Now a days, gluten free diets are gaining insane popularity even among people who don’t have Celiac disease. Is it something that all athletes should take part in? Or will it hinder their performance on the big race day?
Gluten is found in many foods including rye, oats, wheat, malt and barley. Eating gluten free is essential for athletes with Celiac disease or gluten intolerance. Individuals with either disease can experience constipation, diarrhea, stomach cramping, bloating, and malabsorption (not the most fun thing to experience while on a run…believe me, I know). However, eliminating foods that include gluten may help prevent these symptoms.
The most important thing to remember if you are making the switch is to eat a healthy gluten free diet! It means paying constant attention to what you eat. Incorporating more fruits, vegetables, rice, quinoa and nuts are just a few ways to faze gluten out of your diet. I try to stay away from too many of the processed gluten free products on the market since they are typically higher calorie than their gluten filled counterparts (and more expensive). But when a craving comes for pasta, I am happy there are gluten free options out there.
All runners know they should increase their carb intake prior to a long race to help keep their energy levels up. Normally, this gives athletes the opportunity to chow down on a big bowl of spaghetti the night before a marathon or Ironman. But, will swapping your carbs for gluten free products help boost your performance? Sadly, there is no found evidence that proves eating a gluten free diet will increase your athletic performance if you do not have a gluten allergy or sensitivity. However, if more people eat an increased amount of fruits, vegetables and ancient grains and less processed foods, they may be pleasantly surprised.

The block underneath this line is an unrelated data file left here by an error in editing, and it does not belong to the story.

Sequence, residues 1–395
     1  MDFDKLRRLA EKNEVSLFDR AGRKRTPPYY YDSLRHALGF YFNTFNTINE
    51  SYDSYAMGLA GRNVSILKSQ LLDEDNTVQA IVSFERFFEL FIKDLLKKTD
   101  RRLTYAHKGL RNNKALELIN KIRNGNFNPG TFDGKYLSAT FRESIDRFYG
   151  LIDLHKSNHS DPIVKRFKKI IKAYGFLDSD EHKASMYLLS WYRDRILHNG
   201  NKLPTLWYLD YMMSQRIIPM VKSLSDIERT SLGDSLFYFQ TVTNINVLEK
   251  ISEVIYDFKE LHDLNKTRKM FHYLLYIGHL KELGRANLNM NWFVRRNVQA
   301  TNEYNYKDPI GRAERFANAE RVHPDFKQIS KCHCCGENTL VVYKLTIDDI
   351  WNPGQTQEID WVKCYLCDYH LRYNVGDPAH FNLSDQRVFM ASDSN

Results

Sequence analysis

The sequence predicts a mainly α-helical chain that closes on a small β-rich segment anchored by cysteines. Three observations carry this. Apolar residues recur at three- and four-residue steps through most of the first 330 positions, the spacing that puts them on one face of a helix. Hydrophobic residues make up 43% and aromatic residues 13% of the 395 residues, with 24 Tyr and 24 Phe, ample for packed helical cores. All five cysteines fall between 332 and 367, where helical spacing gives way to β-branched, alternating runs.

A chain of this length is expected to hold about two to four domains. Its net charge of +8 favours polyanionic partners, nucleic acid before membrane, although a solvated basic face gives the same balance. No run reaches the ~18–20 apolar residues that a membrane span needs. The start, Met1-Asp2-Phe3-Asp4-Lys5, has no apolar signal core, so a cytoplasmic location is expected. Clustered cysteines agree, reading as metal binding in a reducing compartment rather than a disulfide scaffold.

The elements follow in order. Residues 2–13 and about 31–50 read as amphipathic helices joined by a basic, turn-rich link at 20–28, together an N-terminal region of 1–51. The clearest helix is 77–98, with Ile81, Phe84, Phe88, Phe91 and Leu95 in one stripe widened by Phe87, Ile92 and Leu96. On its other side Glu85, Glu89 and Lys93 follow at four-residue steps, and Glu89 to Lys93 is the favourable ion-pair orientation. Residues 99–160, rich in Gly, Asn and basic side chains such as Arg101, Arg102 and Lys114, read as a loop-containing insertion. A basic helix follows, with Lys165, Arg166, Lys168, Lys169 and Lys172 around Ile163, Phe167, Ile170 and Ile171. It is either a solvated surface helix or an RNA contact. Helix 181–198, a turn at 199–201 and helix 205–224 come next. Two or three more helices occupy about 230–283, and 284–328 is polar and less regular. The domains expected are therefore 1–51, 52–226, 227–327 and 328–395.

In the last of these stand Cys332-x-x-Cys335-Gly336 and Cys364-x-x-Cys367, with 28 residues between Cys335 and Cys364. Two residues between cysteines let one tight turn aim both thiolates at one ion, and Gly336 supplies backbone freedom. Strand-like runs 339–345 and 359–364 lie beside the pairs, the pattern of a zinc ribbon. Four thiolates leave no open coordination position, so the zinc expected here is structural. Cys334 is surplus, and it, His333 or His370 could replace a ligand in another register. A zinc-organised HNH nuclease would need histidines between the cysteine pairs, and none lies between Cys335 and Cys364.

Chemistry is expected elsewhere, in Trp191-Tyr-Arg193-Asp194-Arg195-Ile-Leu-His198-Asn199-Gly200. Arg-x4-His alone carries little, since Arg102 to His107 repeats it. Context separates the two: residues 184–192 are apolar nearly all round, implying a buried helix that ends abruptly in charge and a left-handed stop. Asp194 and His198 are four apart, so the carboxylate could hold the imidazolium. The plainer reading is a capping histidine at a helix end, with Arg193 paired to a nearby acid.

I tell my clients to stick with what works for you on race day. You don’t want to start an unnecessary gluten free diet and end up restricting yourself too much. This will lead to fatigue and hindering your race performance. Getting caught up in another fad diet is not the way to go. Gluten free living should be left to those who medically need it.